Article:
A cursory perusal through China’s highly regulated internet landscape shows the animated series conspicuously absent everywhere it recently had a presence. A search of the Twitter-like social media service Weibo turns up not a single mention of South Park among the billions of past posts. On streaming service Youku, owned by internet giant Alibaba, all links to clips, episodes and even full seasons of the show are now dead.
South Park’s answer brings thew whole sad sack of shit together today:
You gotta lower your ideals of freedom if you wanna suck on the warm teat of China. #southpark23
— South Park (@SouthPark) October 7, 2019
And into gaming, via VOX:
Activision Blizzard, one of America’s biggest gaming companies, just bowed to Chinese censorship in a disturbing way: suspending a professional player of Hearthstone, its digital card game, over a statement supporting the Hong Kong pro-democracy protests.
The offending commentary from Chung Ng Wai, a Hong Kong-based player who goes by the name “Blitzchung,” came during an official interview on Sunday held after he won a match in the Hearthstone Grandmasters tournament, the highest level of competition in the game.
Chung said “Liberate Hong Kong, revolution of our time” — a protest slogan in the city — while wearing goggles and a face mask, items commonly donned by protestors to conceal their identity. The protests, which began over an extradition law, have morphed into a broad-based demand to protect the semi-autonomous city’s democratic political system from mainland China’s attempts to exert control over it.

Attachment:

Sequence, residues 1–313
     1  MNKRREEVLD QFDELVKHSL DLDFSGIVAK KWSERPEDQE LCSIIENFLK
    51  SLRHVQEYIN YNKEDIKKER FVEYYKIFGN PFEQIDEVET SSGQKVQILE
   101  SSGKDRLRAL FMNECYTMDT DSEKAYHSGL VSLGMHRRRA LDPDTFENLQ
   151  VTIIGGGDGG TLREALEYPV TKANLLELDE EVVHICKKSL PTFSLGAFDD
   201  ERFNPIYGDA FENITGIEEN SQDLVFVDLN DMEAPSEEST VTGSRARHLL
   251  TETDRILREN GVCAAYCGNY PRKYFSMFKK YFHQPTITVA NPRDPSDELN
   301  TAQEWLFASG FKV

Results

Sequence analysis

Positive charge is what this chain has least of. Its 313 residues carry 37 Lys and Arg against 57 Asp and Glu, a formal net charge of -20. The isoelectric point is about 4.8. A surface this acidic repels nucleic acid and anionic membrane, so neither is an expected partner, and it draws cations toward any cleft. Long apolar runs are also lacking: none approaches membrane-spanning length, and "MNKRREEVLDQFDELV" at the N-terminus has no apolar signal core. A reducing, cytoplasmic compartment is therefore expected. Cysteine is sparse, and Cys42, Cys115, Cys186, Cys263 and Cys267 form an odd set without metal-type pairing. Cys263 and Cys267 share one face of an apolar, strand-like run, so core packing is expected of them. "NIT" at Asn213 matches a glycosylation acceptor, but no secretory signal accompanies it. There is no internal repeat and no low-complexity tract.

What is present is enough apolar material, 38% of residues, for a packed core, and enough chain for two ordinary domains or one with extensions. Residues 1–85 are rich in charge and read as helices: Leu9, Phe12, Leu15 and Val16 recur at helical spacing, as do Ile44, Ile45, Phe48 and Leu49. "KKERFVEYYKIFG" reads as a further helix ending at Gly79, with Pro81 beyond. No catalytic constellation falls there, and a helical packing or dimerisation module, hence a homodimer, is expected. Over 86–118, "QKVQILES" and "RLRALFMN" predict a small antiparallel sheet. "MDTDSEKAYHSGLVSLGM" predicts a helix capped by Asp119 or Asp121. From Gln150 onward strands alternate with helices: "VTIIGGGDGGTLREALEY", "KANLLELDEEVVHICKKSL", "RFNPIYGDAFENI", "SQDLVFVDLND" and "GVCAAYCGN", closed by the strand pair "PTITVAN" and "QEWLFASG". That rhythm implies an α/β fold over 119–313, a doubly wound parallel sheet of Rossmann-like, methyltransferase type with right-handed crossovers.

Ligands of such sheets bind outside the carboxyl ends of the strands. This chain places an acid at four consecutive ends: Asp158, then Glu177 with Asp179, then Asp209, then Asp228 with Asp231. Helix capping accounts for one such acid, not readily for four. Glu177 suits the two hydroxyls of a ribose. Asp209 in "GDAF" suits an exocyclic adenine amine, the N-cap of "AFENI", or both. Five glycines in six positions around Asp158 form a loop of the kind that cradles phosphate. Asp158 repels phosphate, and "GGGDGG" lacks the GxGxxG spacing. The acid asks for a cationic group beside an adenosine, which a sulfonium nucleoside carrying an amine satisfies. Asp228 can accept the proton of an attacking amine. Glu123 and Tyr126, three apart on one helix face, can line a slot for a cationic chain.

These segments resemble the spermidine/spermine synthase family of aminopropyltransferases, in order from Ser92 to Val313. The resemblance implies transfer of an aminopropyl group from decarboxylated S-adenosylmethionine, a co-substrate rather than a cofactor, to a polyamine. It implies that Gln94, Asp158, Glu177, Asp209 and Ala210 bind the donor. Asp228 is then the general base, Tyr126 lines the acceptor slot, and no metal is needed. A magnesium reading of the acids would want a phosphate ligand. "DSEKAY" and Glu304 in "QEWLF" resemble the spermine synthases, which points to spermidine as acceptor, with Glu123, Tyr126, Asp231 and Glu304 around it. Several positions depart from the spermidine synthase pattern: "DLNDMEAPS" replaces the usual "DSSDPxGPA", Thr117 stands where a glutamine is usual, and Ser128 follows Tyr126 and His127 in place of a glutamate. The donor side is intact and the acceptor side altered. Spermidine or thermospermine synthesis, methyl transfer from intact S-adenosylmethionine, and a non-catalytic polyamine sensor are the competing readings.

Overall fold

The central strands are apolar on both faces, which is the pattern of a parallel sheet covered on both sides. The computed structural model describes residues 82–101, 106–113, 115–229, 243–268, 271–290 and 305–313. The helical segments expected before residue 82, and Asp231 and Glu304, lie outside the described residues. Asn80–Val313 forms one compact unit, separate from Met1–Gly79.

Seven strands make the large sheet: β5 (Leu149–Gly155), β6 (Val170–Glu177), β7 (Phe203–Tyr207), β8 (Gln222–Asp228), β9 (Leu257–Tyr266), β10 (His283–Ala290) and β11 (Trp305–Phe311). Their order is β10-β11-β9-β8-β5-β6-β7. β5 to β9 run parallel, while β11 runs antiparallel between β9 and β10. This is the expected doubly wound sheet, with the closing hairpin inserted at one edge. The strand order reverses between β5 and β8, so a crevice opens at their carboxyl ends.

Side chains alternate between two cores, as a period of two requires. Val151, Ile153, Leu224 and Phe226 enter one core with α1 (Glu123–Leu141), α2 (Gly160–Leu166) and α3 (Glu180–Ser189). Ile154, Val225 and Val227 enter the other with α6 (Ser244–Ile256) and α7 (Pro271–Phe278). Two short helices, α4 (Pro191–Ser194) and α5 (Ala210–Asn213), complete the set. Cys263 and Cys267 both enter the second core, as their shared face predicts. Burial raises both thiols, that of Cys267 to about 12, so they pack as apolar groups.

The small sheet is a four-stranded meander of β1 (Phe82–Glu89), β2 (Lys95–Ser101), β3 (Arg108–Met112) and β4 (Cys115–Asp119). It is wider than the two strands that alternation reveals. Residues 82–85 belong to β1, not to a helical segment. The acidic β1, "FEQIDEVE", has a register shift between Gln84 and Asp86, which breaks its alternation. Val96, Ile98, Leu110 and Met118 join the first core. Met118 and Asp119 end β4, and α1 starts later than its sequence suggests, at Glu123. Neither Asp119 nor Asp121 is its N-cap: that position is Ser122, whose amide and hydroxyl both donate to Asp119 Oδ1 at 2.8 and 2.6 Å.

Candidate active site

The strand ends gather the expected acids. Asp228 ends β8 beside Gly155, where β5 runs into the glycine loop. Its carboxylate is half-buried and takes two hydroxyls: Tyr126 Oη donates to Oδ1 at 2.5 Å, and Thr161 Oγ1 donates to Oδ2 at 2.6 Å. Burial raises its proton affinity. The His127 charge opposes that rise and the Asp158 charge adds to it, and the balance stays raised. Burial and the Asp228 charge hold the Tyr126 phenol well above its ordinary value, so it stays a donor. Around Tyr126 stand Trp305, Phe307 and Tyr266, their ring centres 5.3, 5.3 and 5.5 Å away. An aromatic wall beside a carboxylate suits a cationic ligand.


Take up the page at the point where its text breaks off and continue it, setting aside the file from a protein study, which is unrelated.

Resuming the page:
On Tuesday, Blizzard came down hard on Chung. In an official statement on Hearthstone’s blog, the company announced that it would be suspending Chung for a year, forcing him to forfeit thousands of dollars in prize money from 2019 and firing the casters (commentators) who conducted the interview.
This is a big deal.
Blizzard, who created (among other things) World of Warcraft, is a massive company. It brought in about $7.5 billion in revenue in 2018. Like the NBA, which has rebuked the Houston Rockets’ general manager over a pro-Hong Kong tweet, Blizzard is not merely trying to operate within the confines of Chinese censorship but acting as its agent.
The non-Chinese Hearthstone player base is furious with Blizzard; the game’s subreddit is full of longtime players vowing to quit the game in protest. Count me as one of them.
The question must be asked, can the CCP control the entire world in the way that has succeeded in controlling its own people?
I can imagine the kowtowing traitors in Canberra nodding that “yes” it can. There’s some coverage of these issues in the Aussie media today but not what they deserve given how directly they impact the Australian national interest so there is some justification in this view. The Australian elite are captured by the great Chinese bribe.
But can the CCP succeed everywhere else? Obviously not.
So, the lesson here is not that the CCP should be feared. It is that grovelling to it only delivers what it wants. Moreover, if single tweet from some relatively unknown bloke can disrupt an entire industry then the sensitivity of the CCP is so extreme that you’ll never succeed in pleasing it enough and the sanctions will come regardless.
In short, you are giving away everything for nothing in return.